Foreword by Sen. Gary Hart, Co-Chair, Commission on National Security
Preface by Thomas C. Schelling, Nobel Laureate
Introduction by Gov. James Gilmore, Chair,
Advisory Panel on Weapons of Mass Destruction
"Jenkins shows us how we must confront our fears with thoughtful and diligent action. We can afford to do no less. A must read."
Former Director of the CIA
"Brian Michael Jenkins is one of the world's most renowned experts on terrorism. With an instructive, provocative book that reads like a novel, Jenkins combines cool analysis with common sense to describe the threat of nuclear terrorism. He also shows that we must guard against nuclear terror - corrosive fear that prevents sensible action and weakens our democracy. Jenkins makes a powerful case that we must take strong steps against both to make each less likely."
Co-Chairman and CEO of the Nuclear Threat Initiative
"A clear-eyed and elegantly written analysis that builds to a gripping finale that thrusts the reader into the Oval Office at a moment when no one would envy the president. Jenkins's book is at once informative, entertaining, disturbing, yet reassuring."
LT. GEN. BRENT SCOWCROFT USAF (Ret.)
Former National Security Advisor
to Presidents George H.W. Bush and Gerald Ford
"Deep knowledge about terrorists combined with common sense about nuclear weapons equals a book that is sobering and educational. Help yourself and learn!"
GEORGE P. SHULTZ, Former Secretary of State
Distinguished Fellow, Hoover Institution, Stanford University
According to a British intelligence report leaked to the press in 2007, al Qaeda operatives are planning a large-scale attack “on par with Hiroshima and Nagasaki.” How likely is it that terrorists will develop the capability of such an attack? No one understands the nature of the threat posed by nuclear terrorism better than Brian Michael Jenkins — one of the world’s most renowned experts on terrorism. For more than thirty years, he has been advising the military, government, and prestigious think tanks on the dangers of escalating terrorism.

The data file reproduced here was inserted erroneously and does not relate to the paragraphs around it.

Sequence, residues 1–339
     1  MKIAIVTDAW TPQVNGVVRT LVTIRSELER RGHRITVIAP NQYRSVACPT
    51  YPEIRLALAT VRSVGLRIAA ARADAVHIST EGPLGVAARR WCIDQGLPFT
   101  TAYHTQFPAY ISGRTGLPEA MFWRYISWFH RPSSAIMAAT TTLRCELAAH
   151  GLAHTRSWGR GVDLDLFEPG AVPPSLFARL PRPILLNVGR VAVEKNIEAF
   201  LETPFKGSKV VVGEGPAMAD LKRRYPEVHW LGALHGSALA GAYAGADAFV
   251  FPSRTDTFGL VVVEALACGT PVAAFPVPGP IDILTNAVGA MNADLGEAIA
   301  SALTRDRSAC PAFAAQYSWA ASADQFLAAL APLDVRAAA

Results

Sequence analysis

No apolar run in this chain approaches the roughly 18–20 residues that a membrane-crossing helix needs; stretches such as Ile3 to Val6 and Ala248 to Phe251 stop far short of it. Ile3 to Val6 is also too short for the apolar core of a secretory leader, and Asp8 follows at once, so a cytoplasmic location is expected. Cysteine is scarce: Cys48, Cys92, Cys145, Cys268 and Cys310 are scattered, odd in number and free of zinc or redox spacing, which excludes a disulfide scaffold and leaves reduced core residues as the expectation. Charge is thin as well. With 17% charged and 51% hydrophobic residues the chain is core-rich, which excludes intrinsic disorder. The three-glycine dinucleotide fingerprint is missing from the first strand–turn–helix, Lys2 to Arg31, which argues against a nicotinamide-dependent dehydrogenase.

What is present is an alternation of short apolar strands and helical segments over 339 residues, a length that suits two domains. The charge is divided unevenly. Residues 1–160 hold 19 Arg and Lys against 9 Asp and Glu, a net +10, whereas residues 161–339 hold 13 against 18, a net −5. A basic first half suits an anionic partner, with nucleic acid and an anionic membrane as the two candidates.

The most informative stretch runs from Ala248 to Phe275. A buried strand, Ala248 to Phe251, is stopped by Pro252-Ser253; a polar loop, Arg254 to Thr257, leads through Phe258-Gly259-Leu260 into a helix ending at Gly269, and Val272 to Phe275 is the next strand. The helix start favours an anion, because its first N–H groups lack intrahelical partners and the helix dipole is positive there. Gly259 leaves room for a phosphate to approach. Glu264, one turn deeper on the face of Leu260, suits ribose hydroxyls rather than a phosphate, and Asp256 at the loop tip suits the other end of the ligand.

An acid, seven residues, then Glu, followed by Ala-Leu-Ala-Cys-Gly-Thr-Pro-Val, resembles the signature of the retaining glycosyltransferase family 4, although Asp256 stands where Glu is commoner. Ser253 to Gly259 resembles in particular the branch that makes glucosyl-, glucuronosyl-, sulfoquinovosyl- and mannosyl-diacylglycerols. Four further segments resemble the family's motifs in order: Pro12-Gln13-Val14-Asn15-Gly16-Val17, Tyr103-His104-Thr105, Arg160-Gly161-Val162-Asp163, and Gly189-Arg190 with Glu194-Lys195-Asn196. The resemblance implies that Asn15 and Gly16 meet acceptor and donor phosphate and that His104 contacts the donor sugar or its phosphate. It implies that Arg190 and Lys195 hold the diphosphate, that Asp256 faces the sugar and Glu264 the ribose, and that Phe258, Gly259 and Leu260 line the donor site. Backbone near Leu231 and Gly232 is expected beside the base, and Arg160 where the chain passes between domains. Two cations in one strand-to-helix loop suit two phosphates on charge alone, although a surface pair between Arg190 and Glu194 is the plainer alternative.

Jenkins goes beyond what the experts know about terrorists’ efforts to acquire nuclear weapons, nuclear black markets, “suitcase bombs,” and mysterious substances like red mercury to examine how terrorists themselves think about such weapons. He offers many insights into such vital questions as:
- Do terrorists see nuclear weapons as instruments of coercion or of pure destruction?
- Are those we label religious fanatics constrained by political and strategic calculations?
- If a nuclear attack took place on American soil, what life-and-death decisions would the president be forced to make? He puts the reader in the position of the president to convey the immediacy of making decisions — and the perilous repercussions of each critical decision.
Jenkins notes that terrorists have become increasingly adept at creating an atmosphere of nuclear terror. In fact, al Qaeda may have succeeded in becoming the world’s first terrorist nuclear power without possessing a single nuclear weapon. The psychological effects of nuclear terror are fueled by American culture, which churns out novels and movies in which every conceivable horror scenario is played out. Political factions on both the right and the left also view nuclear terrorism as fodder to support their own arguments. In such an atmosphere, it is difficult for the average citizen to separate real from imagined dangers.
Jenkins’s informed and seasoned analysis will give all Americans a levelheaded understanding of the real situation and teach us how not to yield to nuclear terror.
Shipping Weight: 1.643lbs
Brian Michael Jenkins (Los Angeles, CA), one of the world’s leading authorities on terrorism, is a senior advisor to the president of the RAND Corporation, director of the National Transportation Security Center of the Mineta Transportation Institute, and a member of the board of Commercial Crime Services of the International Chamber of Commerce. He is frequently quoted in the media, including Time, Newsweek, US News & World Report, The New York Times, The Washington Post, and many other publications.